[xmppwg] New charter please

Joe Hildebrand joe.hildebrand at webex.com
Mon Mar 30 18:11:27 CDT 2009


I believe this captures what we discussed at the BoF, and is the right set
of things for us to start working on.


On 3/30/09 4:54 PM, "Peter Saint-Andre" <stpeter at stpeter.im> wrote:

> So, incorporating everything in one place, here is what I have in my
> working copy...
> 
> ******
> 
> Extensible Messaging and Presence Protocol (xmpp2)
> -------------------------------------------------
> 
> Chair(s):
> TBD
> 
> Area Director(s):
> TBD
> TBD
> 
> Area Advisor:
> TBD
> 
> Mailing Lists:
> General Discussion:xmppwg at xmpp.org
> To Subscribe: xmppwg-request at xmpp.org
> In Body: subscribe
> Archive: http://mail.jabber.org/pipermail/xmppwg/
> 
> Description of Working Group:
> 
> The Extensible Messaging and Presence Protocol (XMPP) is an IETF
> technology for the near-real-time exchange of messages and presence
> notifications, where data is exchanged over Extensible Markup Language
> (XML) streams. XMPP was originally formalized by the XMPP Working Group
> in 2002-2004, resulting in publication of RFCs 3920-3923.
> 
> Implementation and deployment experience since that time has resulted in
> errata, clarifications, and suggestions for improvement to the core XMPP
> specifications (RFCs 3920 and 3921). Furthermore, some technologies on
> which XMPP depends have also undergone modification. The documents
> draft-saintandre-rfc3920bis-* and draft-saintandre-rfc3921bis-* reflect
> this work but need to be completed by the group. It is envisioned that
> these specifications will be recycled at Proposed Standard because of an
> accumulation of small changes and improvements.
> 
> Although RFC 3923 defines an end-to-end signing and encryption technology
> for use by XMPP systems, to date it has not been implemented. A goal of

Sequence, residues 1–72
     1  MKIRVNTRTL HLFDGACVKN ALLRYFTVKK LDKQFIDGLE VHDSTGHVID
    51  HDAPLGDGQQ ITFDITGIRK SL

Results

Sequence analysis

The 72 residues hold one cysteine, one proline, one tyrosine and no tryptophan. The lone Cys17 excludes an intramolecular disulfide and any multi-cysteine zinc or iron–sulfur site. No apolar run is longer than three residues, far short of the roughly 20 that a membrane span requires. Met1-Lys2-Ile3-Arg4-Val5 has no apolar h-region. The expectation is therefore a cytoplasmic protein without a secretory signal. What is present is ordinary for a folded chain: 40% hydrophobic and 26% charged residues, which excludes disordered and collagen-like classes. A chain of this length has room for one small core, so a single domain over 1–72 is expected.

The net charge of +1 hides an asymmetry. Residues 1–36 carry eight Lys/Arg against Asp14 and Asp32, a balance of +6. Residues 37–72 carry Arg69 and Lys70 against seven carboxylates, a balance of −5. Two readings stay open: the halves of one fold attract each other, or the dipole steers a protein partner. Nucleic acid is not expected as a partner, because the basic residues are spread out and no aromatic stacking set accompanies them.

> the group is to develop an implementable method for end-to-end encryption,
> preferably based on well known and widely deployed security technologies.
> 
> XMPP uses TLS for encryption and the Simple Authentication and Security
> Layer (SASL) for authentication. In the case of a server-to-server
> stream, XMPP is deployed using TLS and the SASL EXTERNAL mechanism,
> where each peer presents an X.509 certificate. This model introduces
> scaling challenges in multi-domain deployments because RFC 3920 requires
> that a stream cannot be reused for more than one domain, thus
> necessitating multiple TCP connections. The group will work to overcome
> these challenges by defining an optional mechanism for using a single
> connection with multiple identities. It is anticipated that most of the
> work will consist of defining and providing requirements to the TLS and
> SASL working groups.
> 
> Many of the core and extended features of XMPP have also been
> implemented in technologies based on the Session Initiation Protocol
> (SIP). To ensure interworking between XMPP systems and SIP systems, a
> number of Internet-Drafts (draft-saintandre-sip-xmpp-*) have been
> produced. The group will define a framework within which this work could
> be completed.
> 
> In completing its work, the group will strive to retain backwards
> compatibility with RFCs 3920 and 3921. However, changes that are not
> backwards compatible might be accepted if the group determines that the
> changes are required to meet the group's technical objectives and the
> group clearly documents the reasons for making them.
> 
> Goals and Milestones:
> 
> - Deliver rfc3920bis and rfc3921bis to the IESG.
> 
> - Decide upon a direction for end-to-end encryption.
> 
> - Decide upon a direction for server-to-server connection reuse.
> 
> - Define a framework for SIP-XMPP interworking.
> 
> - Define a solution for end-to-end encryption.
> 
> - Define a solution for server-to-server connection reuse.
> 
> ******
> 

-- 
Joe Hildebrand



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